With the winter holiday season’s arrival, the Wisconsin Department of Health Services (DHS) is encouraging Wisconsinites to take steps to protect their health and the health of those around them.

As more contagious variants of the COVID-19 virus expand across an unvaccinated population, the DHS wants the Wisconsin public to remain safe from the disease during the annual holiday festivities.

“Celebrating the holiday season and its traditions is important to Wisconsin families, and we can all celebrate safely this year if we remember to take a few simple steps,” said DHS Secretary-designee Karen Timberlake. “Family and friends planning to gather for celebrations should get vaccinated as soon as possible, including getting a booster if you are eligible, as the COVID-19 vaccine is still the best ways to minimize risk from the virus. If you will not be fully vaccinated in time for the holidays, it is especially critical that you take additional steps to protect yourself and others around you by wearing a mask in public spaces, getting tested if you feel sick or have COVID-19 symptoms, and staying home if you aren’t feeling well.”

Cases of COVID-19 are very high across Wisconsin. Wisconsin hospitals are also nearing capacity, due in part to increasing numbers of people with COVID-19 requiring hospitalization. The overwhelming majority of people in hospitals with COVID-19 have not been fully vaccinated.

Children are at particular risk, as they represent the highest number of new confirmed cases compared to other age groups. Although children are less likely than adults to become seriously ill from COVID-19, they can spread the disease to others in their households.

Ideas for staying connected while minimizing your risk for getting or spreading COVID-19

If you plan to gather for the holidays, the DHS has some recommendations to help minimize your risk for getting or spreading COVID-19:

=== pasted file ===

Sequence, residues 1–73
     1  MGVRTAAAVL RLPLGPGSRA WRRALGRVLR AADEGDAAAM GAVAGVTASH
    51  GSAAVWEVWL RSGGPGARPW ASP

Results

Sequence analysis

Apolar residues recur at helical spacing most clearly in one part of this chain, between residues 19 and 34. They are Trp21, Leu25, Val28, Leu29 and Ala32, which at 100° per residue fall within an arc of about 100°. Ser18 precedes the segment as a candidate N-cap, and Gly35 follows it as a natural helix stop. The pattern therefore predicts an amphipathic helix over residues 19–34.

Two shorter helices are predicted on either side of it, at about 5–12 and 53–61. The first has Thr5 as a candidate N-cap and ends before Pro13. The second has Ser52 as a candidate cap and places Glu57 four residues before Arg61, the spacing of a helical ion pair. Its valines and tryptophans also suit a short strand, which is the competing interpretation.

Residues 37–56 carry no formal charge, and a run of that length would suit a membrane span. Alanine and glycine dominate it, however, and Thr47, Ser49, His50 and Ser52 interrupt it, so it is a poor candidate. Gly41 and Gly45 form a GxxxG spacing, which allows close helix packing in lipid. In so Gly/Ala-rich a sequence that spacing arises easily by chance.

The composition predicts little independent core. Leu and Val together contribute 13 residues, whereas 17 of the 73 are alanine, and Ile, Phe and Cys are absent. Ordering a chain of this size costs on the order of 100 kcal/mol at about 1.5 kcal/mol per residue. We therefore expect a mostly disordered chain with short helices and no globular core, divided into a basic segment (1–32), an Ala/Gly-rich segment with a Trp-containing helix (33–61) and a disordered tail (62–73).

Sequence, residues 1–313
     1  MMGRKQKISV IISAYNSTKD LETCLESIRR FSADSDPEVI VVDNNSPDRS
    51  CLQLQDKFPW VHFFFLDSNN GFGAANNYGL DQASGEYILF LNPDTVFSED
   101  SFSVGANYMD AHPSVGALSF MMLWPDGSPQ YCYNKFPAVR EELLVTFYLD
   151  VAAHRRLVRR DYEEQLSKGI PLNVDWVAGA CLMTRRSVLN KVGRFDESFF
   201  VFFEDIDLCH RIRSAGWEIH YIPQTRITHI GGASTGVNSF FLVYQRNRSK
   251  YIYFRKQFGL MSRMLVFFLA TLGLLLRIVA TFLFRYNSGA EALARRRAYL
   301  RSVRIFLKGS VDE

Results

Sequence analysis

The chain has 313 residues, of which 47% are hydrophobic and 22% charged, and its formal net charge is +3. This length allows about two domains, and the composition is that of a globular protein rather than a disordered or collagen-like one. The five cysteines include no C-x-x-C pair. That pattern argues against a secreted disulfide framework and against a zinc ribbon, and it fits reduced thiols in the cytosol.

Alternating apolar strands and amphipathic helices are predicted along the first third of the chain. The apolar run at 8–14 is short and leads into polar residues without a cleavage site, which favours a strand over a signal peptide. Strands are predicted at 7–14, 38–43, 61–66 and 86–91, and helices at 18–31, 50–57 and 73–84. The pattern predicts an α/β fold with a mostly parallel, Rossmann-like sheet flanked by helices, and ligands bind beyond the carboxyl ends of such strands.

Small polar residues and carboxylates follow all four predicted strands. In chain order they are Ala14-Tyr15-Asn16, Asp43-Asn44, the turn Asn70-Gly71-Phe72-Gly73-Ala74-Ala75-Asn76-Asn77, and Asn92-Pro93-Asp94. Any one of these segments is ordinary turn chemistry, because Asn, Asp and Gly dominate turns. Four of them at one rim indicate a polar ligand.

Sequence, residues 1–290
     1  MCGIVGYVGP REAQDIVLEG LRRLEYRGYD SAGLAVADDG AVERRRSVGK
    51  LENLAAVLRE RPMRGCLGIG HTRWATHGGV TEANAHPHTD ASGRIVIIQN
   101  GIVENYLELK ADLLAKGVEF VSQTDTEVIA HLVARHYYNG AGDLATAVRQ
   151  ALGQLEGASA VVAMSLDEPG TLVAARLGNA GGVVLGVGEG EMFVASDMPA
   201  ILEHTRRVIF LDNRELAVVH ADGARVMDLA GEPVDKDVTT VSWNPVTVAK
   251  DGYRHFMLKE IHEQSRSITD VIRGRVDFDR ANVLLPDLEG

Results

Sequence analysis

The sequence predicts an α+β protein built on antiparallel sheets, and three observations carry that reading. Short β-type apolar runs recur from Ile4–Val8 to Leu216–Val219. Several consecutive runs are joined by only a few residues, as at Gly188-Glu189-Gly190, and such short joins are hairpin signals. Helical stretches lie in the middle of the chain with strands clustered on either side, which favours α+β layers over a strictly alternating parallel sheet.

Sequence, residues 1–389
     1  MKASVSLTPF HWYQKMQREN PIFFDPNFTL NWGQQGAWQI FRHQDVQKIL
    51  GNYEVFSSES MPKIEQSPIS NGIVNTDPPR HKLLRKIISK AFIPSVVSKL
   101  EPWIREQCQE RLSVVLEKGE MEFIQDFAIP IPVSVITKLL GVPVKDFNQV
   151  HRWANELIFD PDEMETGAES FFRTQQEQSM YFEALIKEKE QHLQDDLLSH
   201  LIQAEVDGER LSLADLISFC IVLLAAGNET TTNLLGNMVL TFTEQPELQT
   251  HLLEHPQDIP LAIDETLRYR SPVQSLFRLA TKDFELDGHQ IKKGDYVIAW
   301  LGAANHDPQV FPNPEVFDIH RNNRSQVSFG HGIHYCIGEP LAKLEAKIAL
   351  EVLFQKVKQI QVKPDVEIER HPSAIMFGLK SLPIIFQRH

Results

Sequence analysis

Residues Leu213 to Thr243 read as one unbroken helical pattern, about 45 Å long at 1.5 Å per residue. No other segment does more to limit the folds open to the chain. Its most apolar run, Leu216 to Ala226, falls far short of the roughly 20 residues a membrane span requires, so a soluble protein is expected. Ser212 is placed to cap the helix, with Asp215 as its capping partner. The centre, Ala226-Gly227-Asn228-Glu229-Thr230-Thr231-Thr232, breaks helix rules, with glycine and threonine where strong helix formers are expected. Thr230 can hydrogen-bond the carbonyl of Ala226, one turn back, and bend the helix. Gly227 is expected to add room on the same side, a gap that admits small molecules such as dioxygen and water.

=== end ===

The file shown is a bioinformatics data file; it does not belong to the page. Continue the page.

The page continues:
Everyone who is eligible to get vaccinated should get any of the COVID-19 vaccines as soon as possible. You are considered fully vaccinated against COVID-19 two weeks after you’ve received either a single-dose vaccine, like Johnson & Johnson, or the second dose of two-dose vaccine like Pfizer or Moderna.

If you have symptoms of COVID-19, or were in close contact with someone with COVID-19, please get tested. Avoid attending gatherings if you are sick, have symptoms of COVID-19, or were in close contact with someone with COVID-19.

Wear a well-fitted mask over your nose and mouth if you are in a public indoor setting if you are not fully vaccinated. Even if you are fully vaccinated, you should wear a mask indoors if you are in an area with high transmission. Consider wearing a mask at private, family gatherings if you have loved ones who may be at increased risk for severe COVID-19 illness.

If you gather to celebrate, try to physically distance as much as possible. Gathering outdoors is always safer. Meet with friends and family for a post-meal walk outside. If you celebrate indoors, provide extra space between the chairs at the table. Consider setting up different areas in your home for activities to allow for physical distancing. If food is served at a gathering, avoid crowding in areas where food is being served.

People who have a condition or are taking medications that weaken their immune system may not be fully protected even if they are fully vaccinated and have received an additional dose. Take all precautions against COVID-19, such as wearing a mask, physical distancing, and practicing good hygiene, if you or a family member have a weakened immune system.

Consider wearing a mask indoors regardless of your vaccination status if a member of your household is immunocompromised or unvaccinated. Do not put a mask on children younger than 2 years old.

© Photo

Lee Matz

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